^back to the top^

Lizzie Fellows | Vice Chair

Lizzie has been involved in various environmental campaigns and projects in Leeds since moving here as a student, and in 2008/9, Lizzie worked part-time for Stop Climate Chaos Leeds before it merged with Leeds Tidal. Over the last few years, Lizzie has been particularly interested in food and climate change, and has been working within the local food movement. She worked part-time for 2 years as a Food Co-ops Advisor for Sustain and part-time as the Coordinator of the Bardon Grange Project, a student and community food growing project. In 2013, Lizzie spent several months in The Gambia with various community food growing and sustainability projects, exploring how and what we produce and eat can contribute to a more sustainable and just world.

Currently she is working at Leeds Bread Co-op, an artisan bakery and co-operative that is owned and run by it’s workers. Lizzie is an active member of Leeds Permaculture Network, Leeds Urban Harvest and is helping set up a local community woodland co-op. She can often be found cycling the streets of Leeds with bread in her bag!

^back to the top^

David Pattinson David-P-_P-150x150

David was born and grew up in Australia, and has lived in China, New Zealand, Hong Kong, before coming to Leeds in 2000. His involvement with Tidal began in the run-up to the Make Poverty History rally in 2005, where he helped organise groups cycling up to Edinburgh, before cycling there and back himself. Since then he has supported Tidal campaigns relating to issues such as climate change, trade justice, debt in the global south and fuel poverty. He is also interested in sustainable agriculture, biodiversity, co-housing and generally finding ways to flourish without destroying the planet or other people.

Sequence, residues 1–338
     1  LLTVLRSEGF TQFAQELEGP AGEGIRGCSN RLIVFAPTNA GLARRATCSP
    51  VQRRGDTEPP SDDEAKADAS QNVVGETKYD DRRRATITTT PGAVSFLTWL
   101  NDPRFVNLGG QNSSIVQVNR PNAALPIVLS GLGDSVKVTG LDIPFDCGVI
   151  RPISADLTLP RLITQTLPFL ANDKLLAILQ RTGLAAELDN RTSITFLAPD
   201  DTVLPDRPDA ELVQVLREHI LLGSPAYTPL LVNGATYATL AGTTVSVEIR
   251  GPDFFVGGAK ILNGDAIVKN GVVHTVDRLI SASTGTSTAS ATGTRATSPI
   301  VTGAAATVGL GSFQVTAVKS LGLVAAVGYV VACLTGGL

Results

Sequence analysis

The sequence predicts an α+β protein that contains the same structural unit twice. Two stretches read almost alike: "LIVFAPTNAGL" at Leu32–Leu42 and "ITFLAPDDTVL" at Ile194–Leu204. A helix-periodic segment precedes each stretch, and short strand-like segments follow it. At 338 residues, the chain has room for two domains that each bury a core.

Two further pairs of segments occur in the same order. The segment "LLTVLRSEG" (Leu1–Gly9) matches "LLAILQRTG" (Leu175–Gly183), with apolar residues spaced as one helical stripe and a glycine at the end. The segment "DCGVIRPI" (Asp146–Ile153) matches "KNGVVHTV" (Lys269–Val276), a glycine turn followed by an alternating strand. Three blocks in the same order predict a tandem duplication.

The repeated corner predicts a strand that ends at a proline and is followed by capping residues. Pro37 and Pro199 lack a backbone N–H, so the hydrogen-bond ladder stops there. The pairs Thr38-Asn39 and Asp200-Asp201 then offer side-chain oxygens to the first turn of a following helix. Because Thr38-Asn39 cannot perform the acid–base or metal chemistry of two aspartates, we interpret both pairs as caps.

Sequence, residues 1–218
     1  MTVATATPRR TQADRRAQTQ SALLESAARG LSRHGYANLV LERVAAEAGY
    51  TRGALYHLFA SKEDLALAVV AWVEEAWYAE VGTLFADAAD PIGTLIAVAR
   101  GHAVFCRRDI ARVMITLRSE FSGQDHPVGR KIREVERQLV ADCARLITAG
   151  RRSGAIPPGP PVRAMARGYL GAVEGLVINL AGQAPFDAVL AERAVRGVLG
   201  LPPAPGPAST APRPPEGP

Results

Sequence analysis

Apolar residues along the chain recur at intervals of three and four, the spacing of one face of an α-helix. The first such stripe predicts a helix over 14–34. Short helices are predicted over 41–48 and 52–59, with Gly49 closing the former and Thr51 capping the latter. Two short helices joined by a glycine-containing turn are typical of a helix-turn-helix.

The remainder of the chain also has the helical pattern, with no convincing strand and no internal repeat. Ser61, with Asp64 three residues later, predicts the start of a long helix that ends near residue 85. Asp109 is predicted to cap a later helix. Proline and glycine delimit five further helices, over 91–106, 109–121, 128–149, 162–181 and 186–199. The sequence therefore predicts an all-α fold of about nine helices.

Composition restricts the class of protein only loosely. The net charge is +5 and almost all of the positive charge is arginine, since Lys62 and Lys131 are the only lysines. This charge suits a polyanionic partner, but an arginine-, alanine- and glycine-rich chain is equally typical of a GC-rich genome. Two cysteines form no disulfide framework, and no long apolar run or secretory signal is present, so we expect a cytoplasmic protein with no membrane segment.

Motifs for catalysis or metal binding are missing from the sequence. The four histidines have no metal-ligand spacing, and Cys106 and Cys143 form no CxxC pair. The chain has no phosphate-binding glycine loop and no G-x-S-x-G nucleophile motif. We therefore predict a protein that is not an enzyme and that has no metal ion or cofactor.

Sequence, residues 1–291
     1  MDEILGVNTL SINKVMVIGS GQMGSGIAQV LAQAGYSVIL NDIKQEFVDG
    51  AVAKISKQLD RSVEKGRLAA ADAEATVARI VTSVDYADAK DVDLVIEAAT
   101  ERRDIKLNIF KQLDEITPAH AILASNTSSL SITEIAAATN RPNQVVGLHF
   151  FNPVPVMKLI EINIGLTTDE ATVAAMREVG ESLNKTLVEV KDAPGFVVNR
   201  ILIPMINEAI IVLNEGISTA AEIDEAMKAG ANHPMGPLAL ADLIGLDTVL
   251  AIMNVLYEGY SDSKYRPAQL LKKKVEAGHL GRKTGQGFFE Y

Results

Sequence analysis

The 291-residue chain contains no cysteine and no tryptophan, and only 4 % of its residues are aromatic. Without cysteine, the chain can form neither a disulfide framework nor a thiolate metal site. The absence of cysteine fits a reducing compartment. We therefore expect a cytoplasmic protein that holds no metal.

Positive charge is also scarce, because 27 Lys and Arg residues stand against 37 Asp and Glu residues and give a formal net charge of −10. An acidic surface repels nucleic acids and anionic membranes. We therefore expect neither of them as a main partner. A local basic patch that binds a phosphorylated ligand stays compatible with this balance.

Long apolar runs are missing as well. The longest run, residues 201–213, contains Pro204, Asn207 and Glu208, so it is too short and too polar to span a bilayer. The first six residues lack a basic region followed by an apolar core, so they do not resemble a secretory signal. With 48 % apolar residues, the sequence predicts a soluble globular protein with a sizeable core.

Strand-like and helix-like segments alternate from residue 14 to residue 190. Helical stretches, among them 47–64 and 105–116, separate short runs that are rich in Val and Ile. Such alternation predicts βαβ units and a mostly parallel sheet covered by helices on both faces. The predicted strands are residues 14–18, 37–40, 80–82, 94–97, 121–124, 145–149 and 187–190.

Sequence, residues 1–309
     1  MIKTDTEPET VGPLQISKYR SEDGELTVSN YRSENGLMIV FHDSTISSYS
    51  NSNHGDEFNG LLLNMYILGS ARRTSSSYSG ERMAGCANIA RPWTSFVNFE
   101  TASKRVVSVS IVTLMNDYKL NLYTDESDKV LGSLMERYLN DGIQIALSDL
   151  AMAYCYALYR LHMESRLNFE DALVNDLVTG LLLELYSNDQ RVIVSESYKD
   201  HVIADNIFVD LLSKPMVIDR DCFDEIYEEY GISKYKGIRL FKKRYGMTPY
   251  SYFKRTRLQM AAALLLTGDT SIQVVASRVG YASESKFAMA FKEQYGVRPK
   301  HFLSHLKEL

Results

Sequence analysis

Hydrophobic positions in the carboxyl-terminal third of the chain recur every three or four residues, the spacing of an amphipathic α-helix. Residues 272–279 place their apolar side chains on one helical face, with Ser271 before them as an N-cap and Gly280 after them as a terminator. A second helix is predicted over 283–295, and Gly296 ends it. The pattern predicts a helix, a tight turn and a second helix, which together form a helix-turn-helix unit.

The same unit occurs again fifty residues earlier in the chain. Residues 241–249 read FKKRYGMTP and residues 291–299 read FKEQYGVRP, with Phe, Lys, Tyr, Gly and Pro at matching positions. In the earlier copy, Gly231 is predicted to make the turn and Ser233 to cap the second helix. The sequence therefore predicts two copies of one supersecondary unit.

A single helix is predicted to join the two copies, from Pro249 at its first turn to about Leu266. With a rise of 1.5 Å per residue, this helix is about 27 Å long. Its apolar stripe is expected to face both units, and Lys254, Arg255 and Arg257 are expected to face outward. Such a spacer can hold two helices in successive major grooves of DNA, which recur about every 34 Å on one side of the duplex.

During the day David is a lecturer in Chinese studies at the University of Leeds, with primary interests in social networks and letter-writing in pre-modern China. Though he doesn’t keep bees himself, he has also written a short study of bee-keeping in pre-modern China, the only such study in English. He has an allotment on which the odd spud or onion can be found amongst the bindweed. He is not related to RPatz, nor to the Australian fast bowler James.